Hannah: So people aren't saying what they want is incarceration or money, but rather, “I want the acknowledgment that what happened was wrong.”
Susana: That acknowledgment is very important. You have a baseline of discrimination against LGBTQ people during peace, and then in war, actors take advantage of that discrimination. So when LGBTQ people were subjected to violence during war, it was considered normal. That act of violence then further legitimized the discrimination that existed before. Because people saw violence against LGBTQ people as normal, reparation payments do not fix the problem. The violence was reinforcing what people already thought: that I was not worthy of love, that I was a monster, that I should be somewhere else, not here. To me, that [acknowledgment of wrongdoing] is what can be the most useful result of transitional justice for LGBTQ persons.
Hannah: How effective have the Special Jurisdiction for Peace (JEP) and the Truth Commission been in working towards the type of reparative measures you are talking about?
Susana: The fact that the final report of the Truth Commission acknowledges violence committed against LGBTQ persons is a win. They are now part of national history, and that is something LGBTQ persons have never had before. When you're part of that narrative, it is because you matter and because what happened to you was wrong, and because we should try to prevent that from happening ever again.
A weakness of transitional mechanisms is they are slow. We've been working since 2018, and not a single sentence has been issued. But what we've seen so far from preliminary decisions is that the investigation and [prosecution] of gender-based violence is not so good; there is a lot of analysis missing. Gender-based violence investigation requires a specific methodology. You don't ask, "Did you ever commit gender-based violence?" The answer will be “no” because the nature of the crimes, which are affected by the patriarchy, is to deny that they are violent. If you ask, did you ever discriminate against an LGBTQ person? They will say no, because according to their mind, they were just treating a person how they're supposed to be treated. This is not like a killing which is not normalized. This is the fabric of our reality.
Hannah: What I'm hearing is that discrimination based on gender and sexuality isn't just in war or conflict but exists during peace, and is exacerbated during war. So, part of the healing needs to be acknowledging this discrimination is wrong in peacetime.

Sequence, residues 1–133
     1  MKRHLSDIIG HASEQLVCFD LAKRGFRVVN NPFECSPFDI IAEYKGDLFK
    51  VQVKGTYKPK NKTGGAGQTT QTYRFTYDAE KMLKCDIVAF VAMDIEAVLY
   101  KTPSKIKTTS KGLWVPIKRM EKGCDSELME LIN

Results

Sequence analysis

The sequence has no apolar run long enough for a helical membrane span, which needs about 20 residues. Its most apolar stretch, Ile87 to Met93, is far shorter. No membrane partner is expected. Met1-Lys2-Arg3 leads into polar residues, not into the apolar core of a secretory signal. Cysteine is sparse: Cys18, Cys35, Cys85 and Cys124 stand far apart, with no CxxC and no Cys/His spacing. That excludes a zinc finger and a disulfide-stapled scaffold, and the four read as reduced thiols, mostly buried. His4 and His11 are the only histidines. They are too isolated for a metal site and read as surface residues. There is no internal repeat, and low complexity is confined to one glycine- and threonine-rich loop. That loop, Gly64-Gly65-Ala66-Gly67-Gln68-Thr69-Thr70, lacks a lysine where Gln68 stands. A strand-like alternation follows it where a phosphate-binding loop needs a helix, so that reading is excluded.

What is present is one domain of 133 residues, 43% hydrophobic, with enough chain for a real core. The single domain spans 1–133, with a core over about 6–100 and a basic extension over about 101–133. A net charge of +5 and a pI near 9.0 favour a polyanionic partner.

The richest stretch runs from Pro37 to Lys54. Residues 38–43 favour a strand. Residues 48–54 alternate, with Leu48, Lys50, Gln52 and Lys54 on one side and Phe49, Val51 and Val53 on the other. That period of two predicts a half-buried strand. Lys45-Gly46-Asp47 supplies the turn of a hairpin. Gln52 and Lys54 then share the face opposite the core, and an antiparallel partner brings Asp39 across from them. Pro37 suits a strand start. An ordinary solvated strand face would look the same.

Susana: That is also why reparations are such a risky and difficult conversation to have. Most of the time, you can stop doing what you did during the war, which was different than peace. If I used to recruit children, I will not do it during peace. But with this discrimination, it's so deeply rooted in the way we live our lives. And that's why what LGBTQ victims are asking of perpetrators is to go and tell communities that they were wrong and that LGBTQ people are equal citizens.
Hannah: And that's hard, because in order to get that to happen, you need perpetrators of harm to understand that, right? Do you think there's a way to that through transitional justice?
Susana: Yes. In July 2022 the JEP announced the opening of a case about gender-based violence. It would be a specialized effort to understand and judge these crimes. We're still waiting for the formal opening. We'll have a better shot at litigating gender persecution if the case exists.
Hannah: Gender persecution is a crime that asks not only what violent act was perpetrated, but also why it happened. So, why did that person get killed, and was it based on their gender? Do you think this will help get at systemic issues?
Susana: Definitely. We found that out the hard way. We thought there would be a pattern of specific crimes committed against specific LGBTQ people. But no. There was violence all over the place, from public humiliation to forced disappearance to displacement, torture, rape. And there was no uniform victim: gay men, bisexual women, trans men, trans women, those that have little in common other than their non-traditional gender or sexuality. We even had cases of violence against cisgender straight men who were with trans women. We had 40 cases, and they were all different from each other. We were like, oh my god, we have no pattern, what are we going to do? Then, a stroke of genius hit [Colombia Diversa]: the motivation of the violence is the same. What they were trying to do was to use LGBTQ people, punish them or expel them from society, because they're not considered worthy of being human. Okay, so what crime is it? That is gender persecution. We then faced the question of how come gender persecution: they were not being attacked because they were men or women, but because they were gay. But it is based on gender, because the meaning of being a man includes to be cisgender and straight. The meaning of being a woman includes it as well. So yes, they were being persecuted because they were men or women in the wrong way. That is gender persecution. And that is how we could glue all of that together.
Hannah: Why is all of what we have been talking about today important?
Susana: We need to find a way to resolve social conflicts around gender and sexuality in a peaceful manner, otherwise we will keep putting LGBTQ people in harm’s way forever. That is the big question and the difficult conversation we need to have. There must be another way and we need to find it.